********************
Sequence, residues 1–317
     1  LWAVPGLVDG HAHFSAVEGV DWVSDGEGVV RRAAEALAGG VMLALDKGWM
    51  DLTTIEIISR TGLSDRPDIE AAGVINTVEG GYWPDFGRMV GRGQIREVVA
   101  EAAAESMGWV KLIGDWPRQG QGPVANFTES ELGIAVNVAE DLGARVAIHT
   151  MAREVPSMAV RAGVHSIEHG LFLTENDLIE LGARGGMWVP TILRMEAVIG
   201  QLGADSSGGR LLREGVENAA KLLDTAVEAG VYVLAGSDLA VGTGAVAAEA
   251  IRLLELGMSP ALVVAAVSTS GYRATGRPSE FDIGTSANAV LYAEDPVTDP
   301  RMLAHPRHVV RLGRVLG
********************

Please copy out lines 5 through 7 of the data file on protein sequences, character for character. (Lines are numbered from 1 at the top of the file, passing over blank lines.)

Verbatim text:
   151  MAREVPSMAV RAGVHSIEHG LFLTENDLIE LGARGGMWVP TILRMEAVIG
   201  QLGADSSGGR LLREGVENAA KLLDTAVEAG VYVLAGSDLA VGTGAVAAEA
   251  IRLLELGMSP ALVVAAVSTS GYRATGRPSE FDIGTSANAV LYAEDPVTDP